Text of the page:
African Union has given Burundi 96 hours to respond to proposed 5,000 peacekeepers
The proposal requires the OK of the United Nations Security Council
African Union condemns all acts of violence
The African Union is planning to send 5,000 peacekeepers to protect civilians in strife-torn Burundi and has given the government there 96 hours to respond to the proposed mission, officials said Friday.
The proposed peacekeepers, however, still require the authorization of the United Nations Security Council.
The African Union issued a decision this week that strongly condemned “all acts of violence, committed by whomsoever, and the persistence of impunity, as well as of the inflammatory statements made by Burundian political leaders.”
In the central African country of Burundi, people have been dragged from their homes and killed in the night, bodies have littered the streets of the capital at dawn, and an army barracks was attacked.
One resident of the capital, Bujumbura, made an emotional plea Wednesday to the international community.
“How many people must die before you help stop the killings?” Nsengiyumva Pierre Claver, a former European Union elections observer, asked in an interview with CNN.
The African Union met the following day and proposed the peacekeepers in an announcement that also condemned “the killings perpetrated in the aftermath of the attacks on the military barracks.”
Burundi is a tiny landlocked country in the Great Lakes region, bordered by the Democratic Republic of the Congo on the west, Rwanda to the north and Tanzania to the east and south. It’s about the size of Belgium.
The current instability began in April when President Pierre Nkurunziza said he would run for a third term. The move seemed a clear violation of both the agreement that ended the country’s civil war and the Burundi’s Constitution.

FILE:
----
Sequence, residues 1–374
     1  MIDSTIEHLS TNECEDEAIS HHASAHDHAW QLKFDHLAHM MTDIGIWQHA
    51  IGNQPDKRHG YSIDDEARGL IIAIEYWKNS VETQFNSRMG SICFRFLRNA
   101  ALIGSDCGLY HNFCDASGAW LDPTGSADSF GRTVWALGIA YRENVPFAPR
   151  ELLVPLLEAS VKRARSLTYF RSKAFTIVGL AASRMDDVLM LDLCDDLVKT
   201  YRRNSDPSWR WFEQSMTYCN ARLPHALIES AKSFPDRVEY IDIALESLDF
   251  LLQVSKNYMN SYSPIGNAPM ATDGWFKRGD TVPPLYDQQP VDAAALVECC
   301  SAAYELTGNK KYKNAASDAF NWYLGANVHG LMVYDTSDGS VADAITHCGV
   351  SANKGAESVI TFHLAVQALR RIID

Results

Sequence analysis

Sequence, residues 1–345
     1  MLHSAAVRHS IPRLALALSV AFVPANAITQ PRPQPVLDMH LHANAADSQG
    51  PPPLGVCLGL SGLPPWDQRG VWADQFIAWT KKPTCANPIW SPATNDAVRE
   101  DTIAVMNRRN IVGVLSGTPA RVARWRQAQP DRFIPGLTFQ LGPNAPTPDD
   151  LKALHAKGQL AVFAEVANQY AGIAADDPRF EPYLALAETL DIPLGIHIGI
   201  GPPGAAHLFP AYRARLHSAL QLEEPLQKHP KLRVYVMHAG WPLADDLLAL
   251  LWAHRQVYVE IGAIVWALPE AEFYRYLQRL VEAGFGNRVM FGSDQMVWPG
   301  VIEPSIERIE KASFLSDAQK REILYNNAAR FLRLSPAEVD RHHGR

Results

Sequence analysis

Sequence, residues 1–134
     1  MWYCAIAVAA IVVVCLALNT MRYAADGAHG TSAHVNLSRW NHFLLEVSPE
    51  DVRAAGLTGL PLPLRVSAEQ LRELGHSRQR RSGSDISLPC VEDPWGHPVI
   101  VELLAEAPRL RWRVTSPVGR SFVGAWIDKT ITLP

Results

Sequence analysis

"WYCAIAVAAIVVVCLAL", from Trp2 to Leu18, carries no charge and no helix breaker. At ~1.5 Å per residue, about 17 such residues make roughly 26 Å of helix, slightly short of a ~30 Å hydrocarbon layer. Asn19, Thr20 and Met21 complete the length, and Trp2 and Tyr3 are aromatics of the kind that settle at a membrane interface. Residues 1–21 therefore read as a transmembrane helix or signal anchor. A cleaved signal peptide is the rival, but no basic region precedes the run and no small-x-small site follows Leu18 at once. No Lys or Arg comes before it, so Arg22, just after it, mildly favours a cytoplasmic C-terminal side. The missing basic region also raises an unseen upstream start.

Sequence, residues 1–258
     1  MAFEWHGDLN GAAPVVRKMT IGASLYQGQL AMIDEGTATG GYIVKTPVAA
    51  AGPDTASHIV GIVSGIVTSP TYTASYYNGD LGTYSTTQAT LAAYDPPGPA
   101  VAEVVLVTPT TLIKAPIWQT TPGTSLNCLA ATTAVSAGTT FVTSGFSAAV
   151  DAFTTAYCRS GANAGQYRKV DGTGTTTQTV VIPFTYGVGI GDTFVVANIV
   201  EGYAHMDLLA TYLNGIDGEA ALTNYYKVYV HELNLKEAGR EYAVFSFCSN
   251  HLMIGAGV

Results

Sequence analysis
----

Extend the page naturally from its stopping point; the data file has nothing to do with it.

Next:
Protesters took to the streets. Police fired with live ammunition, killing a number of them.
In May, an attempted coup was beaten back. In July, Nkurunziza was re-elected.
And since the beginning of August, it appears that his opponents are being subjected to extrajudicial assassination, said Carina Tertsakian, a senior researcher on Burundi for the international organization Human Rights Watch.
Almost every day since, Tertsakian said, there have been bodies in the street – sometimes one, sometimes two.
But now the situation is at its most worrisome yet, she said. The violence has escalated.
A Burundi government spokesman is downplaying the report.
Philip Nzobonariba said Human Rights Watch is not present in Burundi, and accuses the group of working with the enemies of the country in the past.
“It only repeats what people who attacked the country and their allies tell them,” he said.
Last week, an army barracks in Bujumbura was attacked. Following that attack, at least 87 people, reportedly including four police officers and four soldiers, were killed.
“The police apparently went from house to house, looking for young men and shooting them,” Tertsakian said.
Tertsakian said it seems likely more than 100 people were killed, though it’s hard to come by reliable information. CNN has not been able to confirm that figure independently.
“Since the attacks on the barracks, people in Bujumbura have been terrified and they are just hiding in their houses,” she said.
For now, the opposition consists of both Hutus and Tutsis.
The country’s civil war, which lasted from 1993 until 2003, was driven by hatred between Hutus and Tutsis. An estimated 300,000 people were killed – in a country of 10 million people.
“Now it’s really difficult to see whether a return to peace is possible in the immediate future,” he said.
Jean Claude Niyongabo contributed to this story